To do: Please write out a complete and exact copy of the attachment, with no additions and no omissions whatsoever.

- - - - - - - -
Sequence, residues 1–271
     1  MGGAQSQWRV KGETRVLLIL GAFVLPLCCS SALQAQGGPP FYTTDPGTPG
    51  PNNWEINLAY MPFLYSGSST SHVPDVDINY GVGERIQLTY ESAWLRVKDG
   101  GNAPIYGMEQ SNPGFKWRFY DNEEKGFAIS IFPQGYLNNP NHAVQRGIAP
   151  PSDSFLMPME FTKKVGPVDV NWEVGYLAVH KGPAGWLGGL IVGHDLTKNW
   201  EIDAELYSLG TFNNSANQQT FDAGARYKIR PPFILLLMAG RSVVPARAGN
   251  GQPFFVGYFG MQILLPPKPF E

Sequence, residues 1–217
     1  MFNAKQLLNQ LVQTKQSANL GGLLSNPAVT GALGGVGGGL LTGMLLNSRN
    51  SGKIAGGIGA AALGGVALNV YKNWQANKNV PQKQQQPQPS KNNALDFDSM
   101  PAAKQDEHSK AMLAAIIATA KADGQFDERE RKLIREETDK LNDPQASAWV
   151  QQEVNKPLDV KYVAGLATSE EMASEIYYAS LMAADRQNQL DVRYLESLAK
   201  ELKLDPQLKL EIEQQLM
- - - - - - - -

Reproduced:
Sequence, residues 1–271
     1  MGGAQSQWRV KGETRVLLIL GAFVLPLCCS SALQAQGGPP FYTTDPGTPG
    51  PNNWEINLAY MPFLYSGSST SHVPDVDINY GVGERIQLTY ESAWLRVKDG
   101  GNAPIYGMEQ SNPGFKWRFY DNEEKGFAIS IFPQGYLNNP NHAVQRGIAP
   151  PSDSFLMPME FTKKVGPVDV NWEVGYLAVH KGPAGWLGGL IVGHDLTKNW
   201  EIDAELYSLG TFNNSANQQT FDAGARYKIR PPFILLLMAG RSVVPARAGN
   251  GQPFFVGYFG MQILLPPKPF E

Sequence, residues 1–217
     1  MFNAKQLLNQ LVQTKQSANL GGLLSNPAVT GALGGVGGGL LTGMLLNSRN
    51  SGKIAGGIGA AALGGVALNV YKNWQANKNV PQKQQQPQPS KNNALDFDSM
   101  PAAKQDEHSK AMLAAIIATA KADGQFDERE RKLIREETDK LNDPQASAWV
   151  QQEVNKPLDV KYVAGLATSE EMASEIYYAS LMAADRQNQL DVRYLESLAK
   201  ELKLDPQLKL EIEQQLM